My research interests focus on the immune responses to fungal pathogens. Charged with the responsibility to protect a host from pathogenic microorganisms, the immune system detects, neutralizes, and eliminates these invaders using many different specialized cells. One arm of the immune system deploys sentinels throughout the body. Their purpose is two-fold. First, professional antigen presenting cells (APCs) capture invading pathogens by phagocytosis and degrade them before they cause additional harm to the host. Second, APCs must “deliver the message” about the presence of pathogens in the periphery to T cells located in regional lymph nodes in order to amplify the immune response. How does an APC talk to the T cell? Both cells come together and form a cell-cell synapse whereby the T cell interrogates the surface of the APC for the presence of a pathogen-specific signal that, when present, activates the T cell. Specialized immune proteins, termed class II MHC molecules, are heterodimeric protein complexes that present this signal. Dendritic cells (DCs) are potent professional APCs that express abundant class II MHC molecules and possess the unique capacity to activate naïve T cells. In order to serve as an effective APC, newly-captured pathogens must be shuttled to the endolysosomes for degradation. To accomplish this task, APCs place pathogens into membrane-delimited compartments termed phagosomes. These compartments undergo a series of membrane modifications, drop their pH and activate proteases which facilitate degradation of the cargo. The biomolecular mechanism of phagosome maturation is incompletely understood including the identity and kinetics of association and dissociation of most proteins on phagosomal membranes. When properly folded, class II MHC molecules form a pocket for pathogen-derived peptides (protein fragments). In the endolysosome, a specialized compartment within the APC, class II MHC molecules associate with pathogen-derived peptides and traffic from intracellular compartments to the cell surface. Antigen presentation requires the coordinated efforts of multiple host proteins including members of the tetraspanin superfamily, though their exact function in this process remains poorly understood.
When the process of antigen processing and presentation works well, the host is protected from a number of virulent microorganisms. Failure of an effective immune response, however, can lead to overwhelming infection and possibly death. This failure is caused typically by specific cellular defects in the immune system as seen in HIV infection, older age, or administration of immunosuppressive medications. My major goal is to understand the rules that govern the fate of fungal pathogens including Aspergillus fumigatus, Candida albicans and Cryptococcus neoformans upon phagocytosis by real-time visualization of professional APCs expressing fluorescently-tagged proteins relevant to antigen processing and presentation using spinning-disk confocal microscopy.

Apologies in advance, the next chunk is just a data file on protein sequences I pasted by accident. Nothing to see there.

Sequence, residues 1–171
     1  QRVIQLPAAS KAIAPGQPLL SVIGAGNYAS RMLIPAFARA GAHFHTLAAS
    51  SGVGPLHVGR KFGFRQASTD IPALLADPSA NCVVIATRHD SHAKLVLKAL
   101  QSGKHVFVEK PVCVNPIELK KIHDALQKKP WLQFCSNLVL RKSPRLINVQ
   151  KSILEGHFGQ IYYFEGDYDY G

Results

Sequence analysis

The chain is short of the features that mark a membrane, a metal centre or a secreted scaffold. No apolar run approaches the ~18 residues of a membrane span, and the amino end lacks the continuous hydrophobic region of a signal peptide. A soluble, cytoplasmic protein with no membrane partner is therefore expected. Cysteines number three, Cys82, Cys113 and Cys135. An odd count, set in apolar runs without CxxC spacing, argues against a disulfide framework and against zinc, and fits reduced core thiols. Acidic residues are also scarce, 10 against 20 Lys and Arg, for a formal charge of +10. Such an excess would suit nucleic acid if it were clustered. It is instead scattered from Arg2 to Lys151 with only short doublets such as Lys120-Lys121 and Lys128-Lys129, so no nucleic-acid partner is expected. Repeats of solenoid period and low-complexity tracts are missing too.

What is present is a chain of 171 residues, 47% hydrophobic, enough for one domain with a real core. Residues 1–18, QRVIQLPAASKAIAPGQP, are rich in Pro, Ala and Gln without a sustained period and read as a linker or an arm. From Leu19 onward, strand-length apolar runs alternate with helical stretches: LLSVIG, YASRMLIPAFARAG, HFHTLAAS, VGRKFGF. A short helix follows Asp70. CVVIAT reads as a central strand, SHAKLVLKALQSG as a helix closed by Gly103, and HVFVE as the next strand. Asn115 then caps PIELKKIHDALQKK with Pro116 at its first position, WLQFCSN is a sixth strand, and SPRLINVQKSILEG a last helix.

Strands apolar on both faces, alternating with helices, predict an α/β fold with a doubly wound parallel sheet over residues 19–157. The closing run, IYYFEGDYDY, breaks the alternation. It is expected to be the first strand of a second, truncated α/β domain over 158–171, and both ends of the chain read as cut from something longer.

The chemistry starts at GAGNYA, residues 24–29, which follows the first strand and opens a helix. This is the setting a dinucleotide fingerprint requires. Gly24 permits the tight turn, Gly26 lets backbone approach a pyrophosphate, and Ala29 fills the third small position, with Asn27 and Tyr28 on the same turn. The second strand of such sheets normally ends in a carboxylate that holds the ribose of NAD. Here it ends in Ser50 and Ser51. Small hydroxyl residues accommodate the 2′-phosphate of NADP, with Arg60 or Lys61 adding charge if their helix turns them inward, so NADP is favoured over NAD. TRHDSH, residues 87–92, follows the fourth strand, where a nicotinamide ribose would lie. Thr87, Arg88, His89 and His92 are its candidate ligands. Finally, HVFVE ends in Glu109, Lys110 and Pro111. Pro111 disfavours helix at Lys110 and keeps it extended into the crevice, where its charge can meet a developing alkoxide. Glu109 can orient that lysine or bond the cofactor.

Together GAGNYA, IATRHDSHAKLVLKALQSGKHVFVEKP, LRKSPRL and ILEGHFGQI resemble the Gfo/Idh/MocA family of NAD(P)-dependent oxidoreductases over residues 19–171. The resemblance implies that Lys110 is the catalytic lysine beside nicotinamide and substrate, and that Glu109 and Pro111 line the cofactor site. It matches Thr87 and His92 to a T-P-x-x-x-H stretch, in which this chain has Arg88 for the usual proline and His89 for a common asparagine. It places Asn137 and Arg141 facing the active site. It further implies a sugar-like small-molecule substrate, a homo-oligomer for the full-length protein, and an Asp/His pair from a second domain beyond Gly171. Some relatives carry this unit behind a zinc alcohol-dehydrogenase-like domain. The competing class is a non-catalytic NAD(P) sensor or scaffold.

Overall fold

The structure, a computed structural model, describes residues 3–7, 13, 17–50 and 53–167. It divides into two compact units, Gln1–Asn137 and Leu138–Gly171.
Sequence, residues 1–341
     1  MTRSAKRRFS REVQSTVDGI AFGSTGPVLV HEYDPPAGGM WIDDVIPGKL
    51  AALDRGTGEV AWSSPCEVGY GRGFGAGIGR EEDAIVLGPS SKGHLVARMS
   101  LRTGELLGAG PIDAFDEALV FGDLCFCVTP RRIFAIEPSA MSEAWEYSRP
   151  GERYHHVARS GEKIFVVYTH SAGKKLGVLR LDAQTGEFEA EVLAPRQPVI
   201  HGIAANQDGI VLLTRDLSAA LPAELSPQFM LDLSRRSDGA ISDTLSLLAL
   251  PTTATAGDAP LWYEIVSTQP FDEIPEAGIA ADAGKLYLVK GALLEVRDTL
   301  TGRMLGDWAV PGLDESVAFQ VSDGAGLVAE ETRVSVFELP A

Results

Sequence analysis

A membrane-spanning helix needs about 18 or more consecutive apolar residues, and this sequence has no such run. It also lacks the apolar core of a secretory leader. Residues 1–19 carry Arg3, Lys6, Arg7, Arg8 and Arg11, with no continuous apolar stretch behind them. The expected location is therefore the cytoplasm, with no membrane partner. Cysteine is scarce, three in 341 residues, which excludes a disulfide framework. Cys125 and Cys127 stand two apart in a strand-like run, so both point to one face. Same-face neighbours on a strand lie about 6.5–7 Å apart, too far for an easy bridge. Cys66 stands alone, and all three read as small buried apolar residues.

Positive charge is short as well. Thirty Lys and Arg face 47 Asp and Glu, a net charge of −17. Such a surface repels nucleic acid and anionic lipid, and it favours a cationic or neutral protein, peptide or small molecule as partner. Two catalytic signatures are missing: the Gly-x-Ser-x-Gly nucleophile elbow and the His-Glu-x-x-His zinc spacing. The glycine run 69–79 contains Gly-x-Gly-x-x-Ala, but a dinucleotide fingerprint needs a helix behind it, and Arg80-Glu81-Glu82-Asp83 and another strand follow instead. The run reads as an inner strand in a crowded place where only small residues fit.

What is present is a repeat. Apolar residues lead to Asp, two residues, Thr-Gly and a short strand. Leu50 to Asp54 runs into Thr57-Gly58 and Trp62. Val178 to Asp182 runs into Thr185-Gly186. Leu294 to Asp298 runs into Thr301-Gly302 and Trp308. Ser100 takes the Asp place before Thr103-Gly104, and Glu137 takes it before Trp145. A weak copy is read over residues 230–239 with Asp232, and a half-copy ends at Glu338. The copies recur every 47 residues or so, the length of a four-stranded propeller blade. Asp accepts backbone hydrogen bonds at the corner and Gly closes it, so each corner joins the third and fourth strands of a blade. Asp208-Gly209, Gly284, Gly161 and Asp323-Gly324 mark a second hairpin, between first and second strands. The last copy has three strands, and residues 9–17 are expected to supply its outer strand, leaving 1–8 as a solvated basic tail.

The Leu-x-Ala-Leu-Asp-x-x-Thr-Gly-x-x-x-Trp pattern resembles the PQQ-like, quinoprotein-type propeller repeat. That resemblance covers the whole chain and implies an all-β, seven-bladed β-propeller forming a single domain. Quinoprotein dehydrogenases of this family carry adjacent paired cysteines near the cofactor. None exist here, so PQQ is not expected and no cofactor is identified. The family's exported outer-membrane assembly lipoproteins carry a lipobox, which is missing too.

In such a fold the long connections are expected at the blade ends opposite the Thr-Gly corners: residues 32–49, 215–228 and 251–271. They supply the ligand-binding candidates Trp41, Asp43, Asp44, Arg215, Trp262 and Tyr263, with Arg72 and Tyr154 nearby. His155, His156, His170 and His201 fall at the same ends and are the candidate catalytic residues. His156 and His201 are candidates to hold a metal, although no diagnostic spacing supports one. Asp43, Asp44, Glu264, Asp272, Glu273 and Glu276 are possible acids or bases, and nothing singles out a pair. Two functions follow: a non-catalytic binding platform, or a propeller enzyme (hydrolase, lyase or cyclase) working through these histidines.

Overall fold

I also serve as the tenth Program Director for the Massachusetts General Hospital Department of Medicine. I oversee the educational activities for the interns and residents. The MGH Internal Medicine Residency program has a long and world-renowned tradition of training leaders in academic medicine and biomedical science. The foundation of our program is rigorous clinical training that emphasizes clinical excellence, teamwork, leadership and career development. Our dedicated teaching faculty, resident research opportunities and experiences in international health and the local community ensure that our residents become outstanding physicians.
We enjoy strong house staff camaraderie and a supportive community in which diversity is celebrated. We take pride in training leaders in clinical and basic research, clinical practice, education, health policy, global health, administration and others. The outstanding achievements of our graduates remain the strongest affirmation of the goals of the training program